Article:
Thursday, January 31, 2013

The Things We Do to Keep a Job


A few years ago, I got a wonderful freelance job creating planners for Catholic schools .  It's a great assignment, the folks are fantastic to work with, and the pay is good.  I think this is my fifth year now, and I've been anxiously awaiting contact from them about the coming year's planners, so I was excited to see an e-mail from them.  However, it only asked if I had a business license as an independent contractor.  Turns out, they've hired a new company to take care of their payroll, and anyone who does not have a business license gets treated like any other employee.  And so began a week of jumping through more hoops than I have ever done for a job, and that includes getting into the military.

First, I had to go online and apply for the job I already have--setting up accounts, filling out an application, providing references...(I almost used my publisher at Damnation Books, but decided that since I wrote Catholic planners, that might not look the best--sorry, Kim!) 

Next, I had to go to a local lab to take a drug screening test.  (What are they going to do about employees in Colorado, where pot smoking is now perfectly legal?)  I told my son where I was going, and he gave me the fish-eye.  "That's weird.  Don't eat a poppy seed bagel before you go," he advised.  Ah, the savvy junior high student!  Drug tests are an interesting experience.  You have to follow the directions to the letter, or you have to start over again.  "Don't wash your hands or we have to start over."  "Don't flush or we have to start over."  I was so concerned about starting over, I didn't even toss my toilet paper, but carried it with me until I had permission to throw it out!  Anyway, everything went well, I was allowed to wash my hands, and--what a surprise--I was found officially Drug Free According to Any State in the Union.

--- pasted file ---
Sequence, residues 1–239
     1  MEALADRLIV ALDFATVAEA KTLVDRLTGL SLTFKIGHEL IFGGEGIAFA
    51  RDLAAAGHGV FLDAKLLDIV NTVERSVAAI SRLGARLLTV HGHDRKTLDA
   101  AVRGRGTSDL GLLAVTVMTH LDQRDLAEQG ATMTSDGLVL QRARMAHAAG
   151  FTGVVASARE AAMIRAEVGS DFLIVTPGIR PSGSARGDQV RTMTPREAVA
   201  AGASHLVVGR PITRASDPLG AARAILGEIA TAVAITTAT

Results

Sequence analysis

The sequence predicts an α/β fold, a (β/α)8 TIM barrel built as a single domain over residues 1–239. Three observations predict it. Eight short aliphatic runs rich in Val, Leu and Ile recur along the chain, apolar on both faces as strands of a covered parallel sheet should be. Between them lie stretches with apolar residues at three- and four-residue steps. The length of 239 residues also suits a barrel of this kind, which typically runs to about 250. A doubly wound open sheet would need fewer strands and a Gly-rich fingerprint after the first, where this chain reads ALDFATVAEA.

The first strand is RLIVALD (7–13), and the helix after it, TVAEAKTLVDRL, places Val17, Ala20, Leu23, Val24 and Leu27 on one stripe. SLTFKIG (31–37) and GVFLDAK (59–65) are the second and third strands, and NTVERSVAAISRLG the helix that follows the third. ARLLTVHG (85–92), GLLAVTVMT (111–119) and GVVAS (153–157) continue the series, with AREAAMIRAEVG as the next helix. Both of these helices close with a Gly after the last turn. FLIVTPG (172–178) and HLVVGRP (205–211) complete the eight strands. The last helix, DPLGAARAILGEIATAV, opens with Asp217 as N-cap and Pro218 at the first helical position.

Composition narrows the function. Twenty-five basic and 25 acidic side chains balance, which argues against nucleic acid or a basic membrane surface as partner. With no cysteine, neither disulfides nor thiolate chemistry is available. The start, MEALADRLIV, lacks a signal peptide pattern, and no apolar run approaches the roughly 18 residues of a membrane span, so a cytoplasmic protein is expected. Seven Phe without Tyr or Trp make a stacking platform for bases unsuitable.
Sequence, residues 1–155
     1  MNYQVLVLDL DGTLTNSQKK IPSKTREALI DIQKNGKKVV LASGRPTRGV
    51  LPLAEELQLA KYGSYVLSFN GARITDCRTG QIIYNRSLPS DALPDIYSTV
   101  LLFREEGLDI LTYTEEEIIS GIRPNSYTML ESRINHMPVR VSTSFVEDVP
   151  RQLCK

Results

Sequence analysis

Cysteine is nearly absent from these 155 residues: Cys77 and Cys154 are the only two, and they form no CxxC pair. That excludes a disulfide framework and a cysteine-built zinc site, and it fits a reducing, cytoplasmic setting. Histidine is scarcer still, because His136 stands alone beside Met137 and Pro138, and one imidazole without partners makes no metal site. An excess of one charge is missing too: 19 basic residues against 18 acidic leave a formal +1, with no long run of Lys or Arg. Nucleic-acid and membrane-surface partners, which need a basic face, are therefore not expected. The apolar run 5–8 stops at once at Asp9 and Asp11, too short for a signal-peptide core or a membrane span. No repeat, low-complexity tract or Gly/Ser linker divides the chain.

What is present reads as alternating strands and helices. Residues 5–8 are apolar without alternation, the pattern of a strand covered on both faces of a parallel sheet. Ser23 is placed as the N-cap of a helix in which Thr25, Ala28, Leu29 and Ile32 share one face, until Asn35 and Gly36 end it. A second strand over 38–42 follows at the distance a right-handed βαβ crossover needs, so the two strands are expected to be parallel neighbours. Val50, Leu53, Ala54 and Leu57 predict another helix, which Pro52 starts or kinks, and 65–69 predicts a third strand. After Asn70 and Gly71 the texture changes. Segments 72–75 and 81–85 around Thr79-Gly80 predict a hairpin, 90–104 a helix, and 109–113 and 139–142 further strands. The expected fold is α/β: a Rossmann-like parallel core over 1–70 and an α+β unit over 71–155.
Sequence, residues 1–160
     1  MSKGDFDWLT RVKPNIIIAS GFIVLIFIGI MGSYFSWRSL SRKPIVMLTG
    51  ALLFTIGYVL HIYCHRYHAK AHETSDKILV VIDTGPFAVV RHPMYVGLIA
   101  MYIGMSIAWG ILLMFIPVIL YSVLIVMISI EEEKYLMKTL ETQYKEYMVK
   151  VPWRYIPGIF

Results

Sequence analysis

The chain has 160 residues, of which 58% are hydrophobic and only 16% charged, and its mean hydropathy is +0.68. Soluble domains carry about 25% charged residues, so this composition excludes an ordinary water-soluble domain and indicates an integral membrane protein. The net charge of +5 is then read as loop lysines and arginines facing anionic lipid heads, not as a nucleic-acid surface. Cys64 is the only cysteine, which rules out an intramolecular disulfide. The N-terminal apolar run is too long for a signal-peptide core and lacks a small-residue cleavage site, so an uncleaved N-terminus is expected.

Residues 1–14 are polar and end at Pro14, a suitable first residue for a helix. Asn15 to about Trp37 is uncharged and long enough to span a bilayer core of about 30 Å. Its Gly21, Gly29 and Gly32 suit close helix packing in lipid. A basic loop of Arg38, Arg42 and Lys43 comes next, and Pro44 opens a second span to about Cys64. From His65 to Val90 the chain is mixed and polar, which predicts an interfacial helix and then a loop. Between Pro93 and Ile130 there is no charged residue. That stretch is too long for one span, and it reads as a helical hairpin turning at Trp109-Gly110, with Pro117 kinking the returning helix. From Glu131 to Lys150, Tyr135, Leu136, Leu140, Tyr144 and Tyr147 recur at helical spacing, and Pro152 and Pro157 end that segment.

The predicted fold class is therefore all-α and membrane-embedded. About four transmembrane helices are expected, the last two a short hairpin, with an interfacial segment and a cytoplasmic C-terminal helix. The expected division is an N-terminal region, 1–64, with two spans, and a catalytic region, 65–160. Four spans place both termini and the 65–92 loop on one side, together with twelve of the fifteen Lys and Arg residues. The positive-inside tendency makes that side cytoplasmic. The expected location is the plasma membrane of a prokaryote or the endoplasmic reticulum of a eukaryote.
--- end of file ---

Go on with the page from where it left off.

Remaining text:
Next came the paperwork.  I had to fill out a W-4.  Have any of you seen the W-4?  Usually, I fill out W9 tax forms, so this was a new and confusing experience, especially since the IRS wants me to PREDICT my withholdings for 2013.  What trickery is this?  What if I predict wrong and the W4 does not match my tax form?  Not to mention the fact that I don't do our taxes, my husband, who is in Baghdad, will do themwhen he comes home in March.  And why should I predict anything, anyway?  What really got me was tha the bottom of the second page asking for these predictions, complete with charts and instructions was "Paper Reduction Act."  Is there a Department of Irony that thinks this stuff up?  I also had to provide two forms of ID to prove I was indeed a US citizen allowed to do freelance work over the Internet in the US.

Then, I was given the employee handbook.  I filled out my emergency address form--no doubt, so my editor knows whom to call if I have a heart attack on the phone with her.  ("You want WHAT?  WHEN?!")  I also agreed to the employee policies, including conduct and behavior, and dress code.

All for a job I've been doing as a freelancer for five years.

All in all, with the reading, figuring out tax forms, and scanning-rescanning-and e-mailing, I spent about as much time as I have on some paying writing assignments.  But I do like the company and the job, and it's done now.

I just hope they don't do a surprise visit to check on the dress code.
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